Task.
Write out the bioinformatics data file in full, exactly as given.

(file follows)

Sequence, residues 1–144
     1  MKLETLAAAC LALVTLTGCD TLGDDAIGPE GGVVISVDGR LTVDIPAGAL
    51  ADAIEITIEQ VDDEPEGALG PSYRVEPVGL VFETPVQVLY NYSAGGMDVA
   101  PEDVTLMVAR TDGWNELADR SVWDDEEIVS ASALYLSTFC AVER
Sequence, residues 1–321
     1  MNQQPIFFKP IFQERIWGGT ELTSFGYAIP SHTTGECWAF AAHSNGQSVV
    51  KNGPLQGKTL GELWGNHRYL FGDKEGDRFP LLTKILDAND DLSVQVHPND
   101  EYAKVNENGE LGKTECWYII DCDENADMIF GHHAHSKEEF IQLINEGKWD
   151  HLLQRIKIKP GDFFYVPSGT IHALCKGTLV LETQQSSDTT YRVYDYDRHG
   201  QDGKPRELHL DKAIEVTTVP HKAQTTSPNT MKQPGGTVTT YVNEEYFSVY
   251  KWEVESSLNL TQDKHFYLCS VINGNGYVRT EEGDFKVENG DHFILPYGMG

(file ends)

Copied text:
Sequence, residues 1–144
     1  MKLETLAAAC LALVTLTGCD TLGDDAIGPE GGVVISVDGR LTVDIPAGAL
    51  ADAIEITIEQ VDDEPEGALG PSYRVEPVGL VFETPVQVLY NYSAGGMDVA
   101  PEDVTLMVAR TDGWNELADR SVWDDEEIVS ASALYLSTFC AVER
Sequence, residues 1–321
     1  MNQQPIFFKP IFQERIWGGT ELTSFGYAIP SHTTGECWAF AAHSNGQSVV
    51  KNGPLQGKTL GELWGNHRYL FGDKEGDRFP LLTKILDAND DLSVQVHPND
   101  EYAKVNENGE LGKTECWYII DCDENADMIF GHHAHSKEEF IQLINEGKWD
   151  HLLQRIKIKP GDFFYVPSGT IHALCKGTLV LETQQSSDTT YRVYDYDRHG
   201  QDGKPRELHL DKAIEVTTVP HKAQTTSPNT MKQPGGTVTT YVNEEYFSVY
   251  KWEVESSLNL TQDKHFYLCS VINGNGYVRT EEGDFKVENG DHFILPYGMG